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Life Tech Bets on NGS for Pediatric Dx via Boston Children's Spinout as it Continues Drive into Clinical Market


This article was originally published Jan. 8.

SAN FRANCISCO — Life Technologies said this week that it is partnering with Boston Children's Hospital spinout Claritas Genomics to develop diagnostics on Life's Ion Torrent platforms for inherited pediatric diseases.

Additionally, during a presentation at the JP Morgan Healthcare conference here, CEO Greg Lucier said that around 20 percent of its 2012 Ion Torrent sales were to clinical customers and that the company expects that number to ramp up dramatically in 2013.

Claritas Genomics will initially be equipped with four of Life's Ion Proton machines and four PGMs. Lucier told Clinical Sequencing News that the new company's initial offering will be an inherited disease panel that will be similar to the Ion AmpliSeq Inherited Disease Panel that is composed of 10,500 amplicons targeting 300 genes involved in over 700 diseases. Life markets that kit for research use only, and a clinical version will be slightly different and "unique" to Claritas, but Lucier did not elaborate.

Initially, Claritas will screen all patient samples it receives with this panel, Lucier said. Eventually the company plans to move into whole-exome or whole-genome sequencing for some patients as well as develop targeted sequencing panels for specific diseases.

Claritas plans to validate the Proton for clinical use and will develop diagnostic tests for carrier screening, prenatal diagnostics, and post-birth diagnostics for pediatric diseases, including rare disorders and pediatric cancers, Lucier said.

The company will be its own institution, separate from Boston Children's Hospital, which is the majority owner of the for-profit entity. Additionally, all the genetic tests currently being run out of BCH's CLIA genetic laboratory will be moved over to Claritas, Lucier said. Lucier said that the reason for spinning out a separate company as opposed to simply running the sequencing-based diagnostics through BCH's CLIA laboratory is to encourage additional collaborations with other children's hospitals.

"The goal is to bring in other children's hospitals either as equity owners or franchisees," he said. Other hospitals could either come on board as co-owners or a similar model could be used to combine Life's technology with the clinical expertise of a children's hospital to form a new entity, he explained.

David Margulies, executive director of the Gene Partnership at Boston Children's Hospital, said in a statement that Claritas represents a "practical paradigm for taking genetic and genomic research discoveries to the bedside."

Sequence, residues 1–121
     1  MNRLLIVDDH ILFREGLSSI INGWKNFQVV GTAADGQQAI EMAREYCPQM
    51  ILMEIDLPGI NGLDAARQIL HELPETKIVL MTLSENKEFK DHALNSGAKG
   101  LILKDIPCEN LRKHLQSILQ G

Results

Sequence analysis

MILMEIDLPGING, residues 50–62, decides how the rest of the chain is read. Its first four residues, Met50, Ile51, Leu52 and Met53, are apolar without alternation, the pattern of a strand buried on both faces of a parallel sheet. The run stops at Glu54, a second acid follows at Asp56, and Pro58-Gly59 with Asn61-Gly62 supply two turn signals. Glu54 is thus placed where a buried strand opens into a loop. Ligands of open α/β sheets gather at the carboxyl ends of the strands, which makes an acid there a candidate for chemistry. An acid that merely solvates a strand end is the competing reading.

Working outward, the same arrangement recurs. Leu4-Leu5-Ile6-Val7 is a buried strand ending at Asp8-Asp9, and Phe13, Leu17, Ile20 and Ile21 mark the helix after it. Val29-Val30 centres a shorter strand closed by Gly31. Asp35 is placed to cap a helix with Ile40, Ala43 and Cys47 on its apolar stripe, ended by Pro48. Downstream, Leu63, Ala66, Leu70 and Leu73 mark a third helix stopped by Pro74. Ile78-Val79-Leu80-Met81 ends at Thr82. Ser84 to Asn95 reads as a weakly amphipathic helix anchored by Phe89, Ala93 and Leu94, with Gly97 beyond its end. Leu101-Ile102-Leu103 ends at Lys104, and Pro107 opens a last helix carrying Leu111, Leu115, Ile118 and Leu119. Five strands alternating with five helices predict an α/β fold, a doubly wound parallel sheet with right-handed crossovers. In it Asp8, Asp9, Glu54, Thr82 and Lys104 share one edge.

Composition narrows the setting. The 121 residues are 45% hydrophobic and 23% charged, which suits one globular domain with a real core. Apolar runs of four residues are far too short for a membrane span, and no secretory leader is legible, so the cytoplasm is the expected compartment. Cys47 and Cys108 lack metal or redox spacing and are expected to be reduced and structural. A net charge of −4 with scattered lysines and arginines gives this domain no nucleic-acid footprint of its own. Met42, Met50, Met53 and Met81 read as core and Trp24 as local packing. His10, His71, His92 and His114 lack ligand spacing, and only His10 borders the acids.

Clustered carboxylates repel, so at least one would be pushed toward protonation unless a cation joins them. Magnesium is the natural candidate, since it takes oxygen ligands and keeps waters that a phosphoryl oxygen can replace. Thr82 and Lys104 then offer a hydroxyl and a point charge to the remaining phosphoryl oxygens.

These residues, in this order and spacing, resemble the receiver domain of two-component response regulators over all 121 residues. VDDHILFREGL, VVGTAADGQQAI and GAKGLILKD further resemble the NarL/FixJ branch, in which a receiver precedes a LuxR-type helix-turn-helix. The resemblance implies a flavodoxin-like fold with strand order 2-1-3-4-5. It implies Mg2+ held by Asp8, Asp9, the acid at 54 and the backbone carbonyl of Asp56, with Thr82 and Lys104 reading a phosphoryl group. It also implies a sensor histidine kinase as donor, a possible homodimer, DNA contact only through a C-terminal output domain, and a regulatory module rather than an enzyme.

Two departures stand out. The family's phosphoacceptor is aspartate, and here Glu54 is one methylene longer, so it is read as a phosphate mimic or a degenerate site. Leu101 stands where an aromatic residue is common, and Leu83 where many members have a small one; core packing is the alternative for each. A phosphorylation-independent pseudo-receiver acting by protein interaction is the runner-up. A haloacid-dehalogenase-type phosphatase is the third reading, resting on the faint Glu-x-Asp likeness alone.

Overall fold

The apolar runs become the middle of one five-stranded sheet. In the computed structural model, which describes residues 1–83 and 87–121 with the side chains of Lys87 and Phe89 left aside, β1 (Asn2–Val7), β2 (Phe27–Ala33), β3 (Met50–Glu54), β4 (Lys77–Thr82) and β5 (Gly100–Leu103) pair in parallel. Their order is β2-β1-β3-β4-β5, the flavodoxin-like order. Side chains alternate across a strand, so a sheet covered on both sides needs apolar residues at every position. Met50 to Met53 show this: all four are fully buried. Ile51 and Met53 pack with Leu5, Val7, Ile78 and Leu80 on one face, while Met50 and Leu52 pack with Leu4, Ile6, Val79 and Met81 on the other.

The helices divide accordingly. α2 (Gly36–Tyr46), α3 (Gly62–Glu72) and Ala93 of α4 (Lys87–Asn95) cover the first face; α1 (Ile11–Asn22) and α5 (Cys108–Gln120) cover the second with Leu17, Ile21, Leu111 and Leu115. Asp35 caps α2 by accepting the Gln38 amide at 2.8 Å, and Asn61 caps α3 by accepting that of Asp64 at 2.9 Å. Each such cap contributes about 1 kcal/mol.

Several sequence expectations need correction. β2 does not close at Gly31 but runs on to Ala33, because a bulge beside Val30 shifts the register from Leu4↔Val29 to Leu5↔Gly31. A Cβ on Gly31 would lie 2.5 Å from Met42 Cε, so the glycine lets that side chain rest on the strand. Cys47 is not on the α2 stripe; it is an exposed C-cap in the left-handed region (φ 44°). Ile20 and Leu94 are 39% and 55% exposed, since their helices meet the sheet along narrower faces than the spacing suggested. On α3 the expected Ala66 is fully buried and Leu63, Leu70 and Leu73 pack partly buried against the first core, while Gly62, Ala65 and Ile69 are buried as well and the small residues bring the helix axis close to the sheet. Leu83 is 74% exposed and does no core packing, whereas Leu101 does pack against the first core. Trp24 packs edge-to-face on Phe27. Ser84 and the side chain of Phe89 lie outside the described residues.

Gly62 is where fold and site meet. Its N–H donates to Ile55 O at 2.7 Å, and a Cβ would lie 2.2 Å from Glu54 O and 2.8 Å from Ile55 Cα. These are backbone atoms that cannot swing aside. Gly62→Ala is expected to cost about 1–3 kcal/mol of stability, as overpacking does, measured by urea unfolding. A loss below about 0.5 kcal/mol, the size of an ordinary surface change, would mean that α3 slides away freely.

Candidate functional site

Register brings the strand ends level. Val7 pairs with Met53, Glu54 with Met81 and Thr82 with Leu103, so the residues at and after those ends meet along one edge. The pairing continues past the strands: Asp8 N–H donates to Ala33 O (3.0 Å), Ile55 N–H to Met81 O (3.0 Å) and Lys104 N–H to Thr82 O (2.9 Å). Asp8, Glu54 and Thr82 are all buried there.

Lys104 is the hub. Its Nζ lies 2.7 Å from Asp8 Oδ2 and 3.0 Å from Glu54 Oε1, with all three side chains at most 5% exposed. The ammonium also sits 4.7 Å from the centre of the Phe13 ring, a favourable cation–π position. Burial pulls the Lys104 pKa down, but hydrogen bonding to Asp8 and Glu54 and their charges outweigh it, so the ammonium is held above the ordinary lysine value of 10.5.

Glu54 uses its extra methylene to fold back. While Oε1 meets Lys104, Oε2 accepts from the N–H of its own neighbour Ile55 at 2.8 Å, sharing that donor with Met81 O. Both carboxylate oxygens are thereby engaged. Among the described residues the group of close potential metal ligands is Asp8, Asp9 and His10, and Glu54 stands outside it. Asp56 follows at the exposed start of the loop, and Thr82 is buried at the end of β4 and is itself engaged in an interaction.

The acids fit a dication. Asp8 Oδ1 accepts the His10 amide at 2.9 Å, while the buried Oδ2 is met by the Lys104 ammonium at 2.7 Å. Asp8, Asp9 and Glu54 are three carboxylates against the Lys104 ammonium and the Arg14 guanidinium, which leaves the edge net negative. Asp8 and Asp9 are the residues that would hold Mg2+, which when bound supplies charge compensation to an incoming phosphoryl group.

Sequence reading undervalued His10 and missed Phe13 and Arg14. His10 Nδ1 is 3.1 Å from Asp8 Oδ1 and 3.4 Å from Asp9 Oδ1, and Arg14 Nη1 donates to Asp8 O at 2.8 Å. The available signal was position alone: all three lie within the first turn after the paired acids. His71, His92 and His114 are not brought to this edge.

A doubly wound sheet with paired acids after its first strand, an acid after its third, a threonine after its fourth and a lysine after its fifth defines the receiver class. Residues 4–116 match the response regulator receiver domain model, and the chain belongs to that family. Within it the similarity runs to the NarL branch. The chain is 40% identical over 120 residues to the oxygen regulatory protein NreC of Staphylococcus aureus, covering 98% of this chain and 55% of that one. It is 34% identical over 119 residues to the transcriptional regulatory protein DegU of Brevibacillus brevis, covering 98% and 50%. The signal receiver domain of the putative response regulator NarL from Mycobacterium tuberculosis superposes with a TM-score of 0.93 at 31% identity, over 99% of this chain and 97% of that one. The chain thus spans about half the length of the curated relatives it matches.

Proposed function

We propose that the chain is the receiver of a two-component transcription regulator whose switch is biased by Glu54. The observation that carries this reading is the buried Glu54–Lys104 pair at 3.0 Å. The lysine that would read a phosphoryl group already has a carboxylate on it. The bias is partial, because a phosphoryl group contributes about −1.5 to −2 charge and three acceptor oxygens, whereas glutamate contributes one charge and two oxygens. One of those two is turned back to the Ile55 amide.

"We're excited to be able to scale up and offer this capability to patients everywhere," he added. "Through a set of network collaborations and via electronic communications, we plan to provide interpretive services around the world."

Life Tech will have a 20 percent stake in Claritas and the management team will be drawn from both BCH and Life Tech, Lucier said. He did not disclose other financial details.

The deal builds on a collaboration announced in June between Life Tech and BCH to develop next-generation sequencing workflows for the Proton in a CLIA- and CAP-certified laboratory. Around the same time, Life Tech announced a similar partnership with the Hospital for Sick Children in Toronto (CSN 6/27/2012).

The SickKids Hospital established a separate Center for Genetic Medicine and also ordered four Proton machines to do exome sequencing and eventually whole-genome sequencing on its pediatric patients.

During a presentation at the JP Morgan Healthcare conference this week, Lucier provided further details on the company's efforts in clinical sequencing. In 2012, around 20 percent of Ion Torrent sales were to clinical customers, Lucier said, and in 2013, "that number will ramp up dramatically."

Additionally, the company has developed a focused CLIA sales channel as well as a focused clinical trials channel. The CLIA sales channel will work with labs that are doing clinical research to explain how Life's array of tools could best suit their needs, including not just the Ion Torrent sequencing systems, but also the firm's CE sequencing instruments and PCR platforms. The clinical trials channel will work similarly with pharmaceutical companies, as clinical trials become "ever more oriented toward genetics," Lucier said.

The company is also planning to submit its Ion Torrent PGM machine to the US Food and Drug Administration for 510(k) clearance this year. Originally, it had said that it would submit the platform in 2012, but during a question-and-answer session following the JP Morgan presentation, Mark Gardner, Life's general manager of advanced genomic systems, said that the company wanted to make sure the company had "improved the performance of the PGM to a point where we were comfortable locking it down."

He said not only will Life Tech seek 510(k) clearance in the US, but also CE-IVD approval in Europe, China, and other countries.